Data source: Social Security Administration.

In addition, if you claim benefits before your FRA and the SSA takes away some of your monthly checks as a result, it will stop doing so once you hit the retirement age above. Only those who claim benefits earlier than FRA can suffer potential losses of benefits, and those losses only last for the period until they reach their FRA.

If I forfeit some of my Social Security benefits, do I lose them forever?

Once the SSA figures out how much in benefits you'll have to forfeit, it starts by withholding them from your monthly benefits. It generally does so by withholding entire monthly checks for however long it takes to cover the forfeited amount. So for instance, if you get $1,000 a month from Social Security and your earnings will lead to a forfeiture of $3,000, then the SSA will pay you for nine months but withhold your checks for the other three months.

Forfeiting benefits sounds bad, but there's a silver lining. In exchange for every month's worth of retirement benefits you forfeit, the SSA treats you as if you had decided to claim your benefits a month later than you actually did. That leads to your receiving larger monthly payments from Social Security once you hit FRA than you otherwise would have. Over time, the resulting amount by which each of your monthly benefit checks for the rest of your life goes up should offset your forfeiture losses. You can even end up ahead if you live beyond your average life expectancy.

Special rules for working while getting Social Security disability benefits

The situation for forfeiting disability benefits from Social Security is completely different, because the entire reason why recipients get disability benefits is that the disabled worker can no longer work in gainful employment because of the disabling injury or illness. For most disabled workers, earnings of more than $1,180 per month in 2018 make you ineligible to receive disability benefits. Blind workers have higher earnings limits of $1,970 per month before ineligibility results. The corresponding limits for 2019 are $1,220 and $2,040 per month respectively. These special rules only apply to the disabled worker so family members getting benefits are subject to the normal rules.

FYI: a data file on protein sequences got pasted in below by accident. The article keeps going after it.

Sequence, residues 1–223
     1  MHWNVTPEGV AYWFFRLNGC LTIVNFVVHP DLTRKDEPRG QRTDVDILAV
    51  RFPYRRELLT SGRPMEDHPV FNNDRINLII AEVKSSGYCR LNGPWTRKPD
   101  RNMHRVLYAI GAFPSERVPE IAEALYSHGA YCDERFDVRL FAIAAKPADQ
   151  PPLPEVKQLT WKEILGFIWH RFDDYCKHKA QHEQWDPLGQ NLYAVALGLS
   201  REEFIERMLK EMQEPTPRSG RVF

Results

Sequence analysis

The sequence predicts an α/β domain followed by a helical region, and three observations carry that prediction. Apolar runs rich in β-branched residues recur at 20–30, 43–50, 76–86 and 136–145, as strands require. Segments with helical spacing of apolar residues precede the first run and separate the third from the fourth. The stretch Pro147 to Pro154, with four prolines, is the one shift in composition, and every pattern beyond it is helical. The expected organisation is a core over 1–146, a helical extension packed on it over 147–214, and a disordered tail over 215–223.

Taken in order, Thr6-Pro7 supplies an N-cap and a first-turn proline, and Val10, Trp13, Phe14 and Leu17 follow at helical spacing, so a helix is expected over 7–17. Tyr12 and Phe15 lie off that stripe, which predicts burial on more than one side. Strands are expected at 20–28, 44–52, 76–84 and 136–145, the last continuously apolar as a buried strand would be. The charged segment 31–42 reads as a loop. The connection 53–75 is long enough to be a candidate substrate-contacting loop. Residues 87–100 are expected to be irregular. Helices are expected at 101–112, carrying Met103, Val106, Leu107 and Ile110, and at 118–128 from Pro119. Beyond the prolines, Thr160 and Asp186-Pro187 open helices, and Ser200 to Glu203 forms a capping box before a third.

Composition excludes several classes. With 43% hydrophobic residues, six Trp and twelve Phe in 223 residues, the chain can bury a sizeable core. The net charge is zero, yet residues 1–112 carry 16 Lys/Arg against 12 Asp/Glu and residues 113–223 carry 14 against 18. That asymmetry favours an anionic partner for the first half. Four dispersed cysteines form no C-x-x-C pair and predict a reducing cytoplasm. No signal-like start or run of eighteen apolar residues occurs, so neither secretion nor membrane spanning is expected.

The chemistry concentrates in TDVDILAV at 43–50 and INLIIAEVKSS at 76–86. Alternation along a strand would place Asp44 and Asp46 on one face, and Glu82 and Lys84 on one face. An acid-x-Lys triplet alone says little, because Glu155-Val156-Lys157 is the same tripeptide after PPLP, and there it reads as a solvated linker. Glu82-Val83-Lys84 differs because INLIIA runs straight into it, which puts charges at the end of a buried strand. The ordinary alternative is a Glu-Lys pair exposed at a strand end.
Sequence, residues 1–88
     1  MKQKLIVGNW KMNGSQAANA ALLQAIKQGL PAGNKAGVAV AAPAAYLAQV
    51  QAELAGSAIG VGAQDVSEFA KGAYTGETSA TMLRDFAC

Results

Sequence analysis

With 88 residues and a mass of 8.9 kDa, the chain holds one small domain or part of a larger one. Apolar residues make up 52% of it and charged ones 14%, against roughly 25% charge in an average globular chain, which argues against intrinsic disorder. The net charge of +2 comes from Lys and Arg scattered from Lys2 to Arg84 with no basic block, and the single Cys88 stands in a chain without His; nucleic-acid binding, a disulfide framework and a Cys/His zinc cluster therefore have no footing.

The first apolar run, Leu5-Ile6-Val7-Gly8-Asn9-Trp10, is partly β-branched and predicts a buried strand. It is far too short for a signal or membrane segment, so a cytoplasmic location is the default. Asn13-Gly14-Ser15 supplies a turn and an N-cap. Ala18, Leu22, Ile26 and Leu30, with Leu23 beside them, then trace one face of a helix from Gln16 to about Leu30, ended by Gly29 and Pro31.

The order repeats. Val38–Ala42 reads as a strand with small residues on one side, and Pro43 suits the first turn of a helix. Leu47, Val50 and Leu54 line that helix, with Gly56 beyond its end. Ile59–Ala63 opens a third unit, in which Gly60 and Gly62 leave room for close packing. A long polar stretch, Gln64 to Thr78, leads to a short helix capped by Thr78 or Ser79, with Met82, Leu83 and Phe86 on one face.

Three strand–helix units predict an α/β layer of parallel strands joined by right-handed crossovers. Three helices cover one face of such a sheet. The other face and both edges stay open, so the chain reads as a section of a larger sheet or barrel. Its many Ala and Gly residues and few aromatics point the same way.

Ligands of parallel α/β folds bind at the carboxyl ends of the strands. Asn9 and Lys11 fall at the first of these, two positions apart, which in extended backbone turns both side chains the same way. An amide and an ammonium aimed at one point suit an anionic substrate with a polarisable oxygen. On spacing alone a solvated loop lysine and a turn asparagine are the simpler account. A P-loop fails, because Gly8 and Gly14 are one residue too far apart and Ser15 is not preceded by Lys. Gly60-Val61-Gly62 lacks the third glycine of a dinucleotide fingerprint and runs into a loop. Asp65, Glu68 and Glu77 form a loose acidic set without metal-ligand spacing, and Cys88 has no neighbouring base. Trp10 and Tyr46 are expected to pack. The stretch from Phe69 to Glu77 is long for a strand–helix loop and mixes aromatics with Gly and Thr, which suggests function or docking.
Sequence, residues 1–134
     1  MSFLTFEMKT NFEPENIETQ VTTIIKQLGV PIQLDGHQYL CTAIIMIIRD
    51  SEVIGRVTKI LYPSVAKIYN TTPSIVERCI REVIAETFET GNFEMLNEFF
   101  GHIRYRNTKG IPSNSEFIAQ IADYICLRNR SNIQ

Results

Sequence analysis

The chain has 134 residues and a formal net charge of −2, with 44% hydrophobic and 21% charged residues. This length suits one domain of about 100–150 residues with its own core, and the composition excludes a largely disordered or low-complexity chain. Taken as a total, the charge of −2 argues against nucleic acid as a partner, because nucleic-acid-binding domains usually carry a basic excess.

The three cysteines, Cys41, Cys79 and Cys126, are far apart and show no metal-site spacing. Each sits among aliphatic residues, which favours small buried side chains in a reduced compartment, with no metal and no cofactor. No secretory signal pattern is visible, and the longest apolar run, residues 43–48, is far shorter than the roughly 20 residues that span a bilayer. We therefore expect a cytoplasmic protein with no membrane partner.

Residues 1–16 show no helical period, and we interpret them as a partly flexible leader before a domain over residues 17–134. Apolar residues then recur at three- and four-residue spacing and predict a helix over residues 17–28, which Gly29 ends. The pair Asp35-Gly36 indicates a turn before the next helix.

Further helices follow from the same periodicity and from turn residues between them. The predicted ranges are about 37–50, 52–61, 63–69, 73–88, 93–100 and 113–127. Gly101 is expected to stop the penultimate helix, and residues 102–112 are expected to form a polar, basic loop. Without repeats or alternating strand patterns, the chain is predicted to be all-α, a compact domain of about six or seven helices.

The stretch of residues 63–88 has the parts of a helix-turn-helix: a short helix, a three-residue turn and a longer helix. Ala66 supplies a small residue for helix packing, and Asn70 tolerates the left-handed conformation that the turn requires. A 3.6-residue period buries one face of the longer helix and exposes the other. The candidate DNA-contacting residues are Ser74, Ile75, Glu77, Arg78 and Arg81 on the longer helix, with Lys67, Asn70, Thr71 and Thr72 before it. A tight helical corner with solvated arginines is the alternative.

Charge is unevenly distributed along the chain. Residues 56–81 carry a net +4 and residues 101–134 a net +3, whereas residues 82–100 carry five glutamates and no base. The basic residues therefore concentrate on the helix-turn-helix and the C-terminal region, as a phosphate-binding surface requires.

Keep in mind that the substantial gainful activity rules are an all-or-nothing test, with no phased-out reduction based on earnings above the threshold. If you make less than the amounts above, then you keep full benefits, and if you make more, then you lose all of your disability benefits. There are no prorated benefits.

How to maximize your Social Security benefits while working

Now that you know all about what can happen to your benefits if you work while on Social Security, the key question is what you can do to make sure that you'll keep all of your Social Security money. The following options will prevent you from being subject to Social Security's forfeiture provisions:

  • You always have the ability to wait until FRA or later before you claim your Social Security benefits. If you do, then you'll be able to earn all you're eligible for without worrying about the earnings tests and whether they apply to you.